Imágenes de páginas

Though to myself forsworn, to thee I'll faithful

prove; Those thoughts to me were oaks, to thee likc

osiers bowed. Study his bias leaves, and makes his book thine

eyesz Where all those pleasures live, that art would comprehend;

270 If knowledge be the mark, to know thee shall

suffice; Well learned' is that tongue, that well can thee

commend : All ignorant that soul that sees thee without

wonder ; (Which is to me some praise, that I thy parts

admire) Thy eye Jove's lightning bears, thy voice his dread

ful thunder, Which, not to anger bent, is musick, and sweet

fire, Celestial as thou art, oh pardon, love, this wrong, Thạt sings the heaven's praise with such an earthly tongue!

278 Hol. You find not the apostrophes, and so miss the accent : let me supervişe the canzonet. Here are only numbers ratify'd; but, for the elegancy, facility, and golden cadence of poesy, caret.

Ovidius Naso was the man: and why, indeed, Naso ; but for smelling out the odoriferous flowers of fancy? the jerks of inventionImitari, is nothing ; so doth the Eiij


hound his master, the ape his keeper, the tired horse his rider. But damosella virgin, was this directed to you?

288 Jaq. Ay, sir, from one Monsieur Biron, one of the strange queen's lords.

Hol. I will overglance the superscript. To the snow white hand of the most beauteous Lady Rosaline. I will look again on the intellect of the letter, for the nomination of the party writing to the person written unto :

Your ladyship's in all desired employment, BIRON. Sir Nathaniel, this Biron is one of the votaries with the king; and here he hath fram'd a letter to a sequent of the stranger queen's, which, accidentally, or by the way of progression, hath miscarry'd. Trip and go, my sweet ; deliver this paper into the royal hand of the king ; it may concern much: Stay not thy compliment; I forgive thy duty; adieu. 303

Faq. Good Costard, go with me.--Sir, God save your

life! Cost. Have with thee, my girl.

[Exeunt Cos. and JaQ. Nath. Sir, you have done this in the fear of God, very religiously; and as a certain father saith

Hol. Sir, tell not me of the father,' I do fear co. lourable colours.' But, to return to the verses's Did they please you, Sir Nathaniel ?

311 Nath. Marvellous well for the pen. Hol. I do dine to-day at the father's of a certain pupil of mine; where if (being repast) it shall please

you to gratify the table with a grace, I will, on my privilege I have with the parents of the aforesaid child or pupil, undertake your ben venuto; where I will prove those verses to be very unlearned, neither savouring of poetry, wit, nor invention : I beseech your society.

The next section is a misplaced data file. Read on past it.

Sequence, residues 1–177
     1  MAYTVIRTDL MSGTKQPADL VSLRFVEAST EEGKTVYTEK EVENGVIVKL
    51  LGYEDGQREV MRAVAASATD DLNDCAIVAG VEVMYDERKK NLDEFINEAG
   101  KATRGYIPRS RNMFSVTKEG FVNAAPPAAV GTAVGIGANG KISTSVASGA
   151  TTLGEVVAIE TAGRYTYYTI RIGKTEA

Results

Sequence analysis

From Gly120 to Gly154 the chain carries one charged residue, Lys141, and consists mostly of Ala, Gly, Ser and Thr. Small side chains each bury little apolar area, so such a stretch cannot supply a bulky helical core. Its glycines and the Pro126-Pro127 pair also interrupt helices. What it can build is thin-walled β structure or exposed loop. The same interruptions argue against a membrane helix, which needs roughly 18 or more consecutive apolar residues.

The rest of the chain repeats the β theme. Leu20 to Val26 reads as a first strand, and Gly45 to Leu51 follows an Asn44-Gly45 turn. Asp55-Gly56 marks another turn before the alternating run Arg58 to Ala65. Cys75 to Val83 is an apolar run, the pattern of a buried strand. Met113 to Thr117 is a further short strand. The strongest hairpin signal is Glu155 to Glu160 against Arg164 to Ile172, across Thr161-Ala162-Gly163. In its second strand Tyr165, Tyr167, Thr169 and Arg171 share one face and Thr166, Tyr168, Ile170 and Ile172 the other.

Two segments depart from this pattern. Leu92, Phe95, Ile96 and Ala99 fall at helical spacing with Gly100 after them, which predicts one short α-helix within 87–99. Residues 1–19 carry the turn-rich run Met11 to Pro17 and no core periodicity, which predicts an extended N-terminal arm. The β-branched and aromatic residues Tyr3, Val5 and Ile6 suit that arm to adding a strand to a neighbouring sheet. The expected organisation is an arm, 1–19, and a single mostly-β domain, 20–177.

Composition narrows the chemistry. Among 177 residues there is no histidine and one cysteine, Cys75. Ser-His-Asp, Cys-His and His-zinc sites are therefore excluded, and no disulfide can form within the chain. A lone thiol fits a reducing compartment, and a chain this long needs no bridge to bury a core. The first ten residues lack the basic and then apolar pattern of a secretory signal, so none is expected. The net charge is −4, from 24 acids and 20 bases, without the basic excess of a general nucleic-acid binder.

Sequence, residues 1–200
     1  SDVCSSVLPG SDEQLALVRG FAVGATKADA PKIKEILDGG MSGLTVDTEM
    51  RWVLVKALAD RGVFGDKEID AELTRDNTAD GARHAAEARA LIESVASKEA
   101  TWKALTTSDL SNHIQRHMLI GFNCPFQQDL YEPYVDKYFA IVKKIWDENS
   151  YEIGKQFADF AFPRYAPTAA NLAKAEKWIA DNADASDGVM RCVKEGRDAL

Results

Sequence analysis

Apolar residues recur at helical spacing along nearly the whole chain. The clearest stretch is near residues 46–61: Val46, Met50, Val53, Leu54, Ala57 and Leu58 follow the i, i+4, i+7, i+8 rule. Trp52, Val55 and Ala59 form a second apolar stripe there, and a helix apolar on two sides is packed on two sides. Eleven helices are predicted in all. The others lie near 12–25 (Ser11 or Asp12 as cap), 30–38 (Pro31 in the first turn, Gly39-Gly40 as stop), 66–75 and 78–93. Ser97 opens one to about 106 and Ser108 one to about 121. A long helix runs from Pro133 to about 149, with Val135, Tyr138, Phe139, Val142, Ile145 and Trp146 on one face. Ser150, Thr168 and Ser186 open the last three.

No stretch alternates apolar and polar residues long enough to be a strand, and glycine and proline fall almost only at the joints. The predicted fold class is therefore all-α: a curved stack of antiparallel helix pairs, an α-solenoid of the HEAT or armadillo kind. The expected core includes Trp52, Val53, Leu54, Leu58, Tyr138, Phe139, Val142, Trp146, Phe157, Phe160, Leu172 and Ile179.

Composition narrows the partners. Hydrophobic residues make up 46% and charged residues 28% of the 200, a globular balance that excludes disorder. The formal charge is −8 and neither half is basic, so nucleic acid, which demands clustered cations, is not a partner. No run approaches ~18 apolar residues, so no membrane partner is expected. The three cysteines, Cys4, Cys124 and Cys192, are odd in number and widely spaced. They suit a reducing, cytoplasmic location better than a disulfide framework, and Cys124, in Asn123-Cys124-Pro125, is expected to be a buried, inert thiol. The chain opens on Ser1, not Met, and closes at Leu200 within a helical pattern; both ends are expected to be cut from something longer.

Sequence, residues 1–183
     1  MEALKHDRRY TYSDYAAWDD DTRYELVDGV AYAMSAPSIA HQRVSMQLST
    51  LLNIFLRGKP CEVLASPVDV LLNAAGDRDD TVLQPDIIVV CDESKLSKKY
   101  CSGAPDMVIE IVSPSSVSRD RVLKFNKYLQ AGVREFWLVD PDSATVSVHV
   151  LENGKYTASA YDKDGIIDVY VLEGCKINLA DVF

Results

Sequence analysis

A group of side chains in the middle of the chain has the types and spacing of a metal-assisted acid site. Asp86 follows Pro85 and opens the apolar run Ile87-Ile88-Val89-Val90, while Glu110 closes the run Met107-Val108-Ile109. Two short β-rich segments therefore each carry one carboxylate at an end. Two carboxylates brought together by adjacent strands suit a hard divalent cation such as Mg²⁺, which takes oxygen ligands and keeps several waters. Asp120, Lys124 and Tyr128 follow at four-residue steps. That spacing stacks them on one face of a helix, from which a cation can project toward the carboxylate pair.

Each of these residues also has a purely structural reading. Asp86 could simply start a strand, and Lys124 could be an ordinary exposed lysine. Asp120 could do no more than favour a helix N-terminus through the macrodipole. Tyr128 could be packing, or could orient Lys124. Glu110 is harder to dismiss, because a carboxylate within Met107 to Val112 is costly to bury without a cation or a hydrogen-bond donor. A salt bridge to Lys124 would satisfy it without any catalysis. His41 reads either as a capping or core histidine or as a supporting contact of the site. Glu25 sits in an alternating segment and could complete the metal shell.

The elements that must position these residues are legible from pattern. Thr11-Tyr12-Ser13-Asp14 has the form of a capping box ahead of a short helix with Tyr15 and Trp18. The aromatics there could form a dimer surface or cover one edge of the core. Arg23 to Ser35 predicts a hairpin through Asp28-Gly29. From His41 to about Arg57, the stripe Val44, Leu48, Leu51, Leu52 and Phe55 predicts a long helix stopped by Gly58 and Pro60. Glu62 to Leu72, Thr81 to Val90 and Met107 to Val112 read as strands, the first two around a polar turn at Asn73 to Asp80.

320 Nath. And thank you too: for society (saith the text) is the happiness of life.

Hol. And, certes, the text most infallibly concludes it.—Sir, I do invite you too ; [To Dull.] you shall not say me, nay : pauca verba. Away; the gentles are at their game, and we will to our recreation.



Enter Biron with a Paper.

Biron. The king is hunting the deer; I am coursing myself : they have pitch'd a toil; I am toiling in a pitch ; pitch, that defiles ; defile ! a foul word. Well, Set thee down, sorrow! for so, they say, the fool said, and so say I, and I the fool. Well prov’d, wit! By the lord, this love is as mad as Ajax : it kills sheep ; it kills me, I a sheep: Well prov'd again on my side! I will not love: if I do, hang me; i'faith, I will not. O, but her eye-by this light, but for her eye, I would not love her ; yes, for her two eyes. Well, I do nothing in the world but lie, and lie in my throat. By heaven, I do love: and it hath taught me to rhime, and to be melancholy; and here is part of my rhime, and here my melancholy. Well, she kath one o' my sonnets already; the clown bore it, the fool sent it, and the lądy hath it : sweet clown, sweeter fool, sweetest lady! By the world, I. would not care a pin, if the other three were in : Here comes one with a paper : God give him grace to groani


(He stands aside.

Enter the King, King. Ay me!

848 Biron. [ Aside. ] Shot, by heaven!Proceed, sweet Cupid ; thou hast thump'd him with thy bird-bolt under the left pap :- I' faith secrets.

King. [Reads.) So sweet a kiss the golden sun gives


To those fresh morning drops upon the rose,
As thy cye-beams, when their fresh rays have smote

The night of dew that on my cheeks down flows:
Nor shines the silver moon one half so bright

Through the transparent bosom of the deep,
As doth tky face through tears of mine give light;

Thou shin'st in every tear that I do weep:
No drop but as a coach doth carry

thee, So ridest thou triumphing in my woe; Do but behold the tears that swell in me,

And they thy glory through my grief will shew :
But do not love thyself; then thou wilt keep
My tears for glasses, and still make me weep.


O queen

O queen of queens, how far dost thou excet !
No thought can think, nor tongue of mortal tell.-

How shall she know my griefs? I'll drop the paper; Sweet leaves, shade folly. Who is he comes here?

[The King steps aside.


What, Longaville ! and reading! listen, ear. 370 Biron. [ Aside.] Now in thy likeness, one more

fool, appear! Long. Ay me! I am forsworn. Biron. ·[ Aside.] Why, he comes in like a perjure,

wearing papers. King. [ Aside. ] In love, I hope ; sweet fellowship in

shame! Biron. [Aside.] One drunkard loves another of the


Long. [ Aside. ] Am I the first, that have been per

jur'd so? Biron. [Aside.] I could put thee in comfort; not

by two, that I know : Thou mak'st the triumviry, the corner cap of society, The shape of love's Tyburn that hangs up sim,

plicity. Long. I fear, these stubborn lines lack power to

380 O sweet Maria, empress of my love ! These numbers will I tear, and write in prose.

move :

« AnteriorContinuar »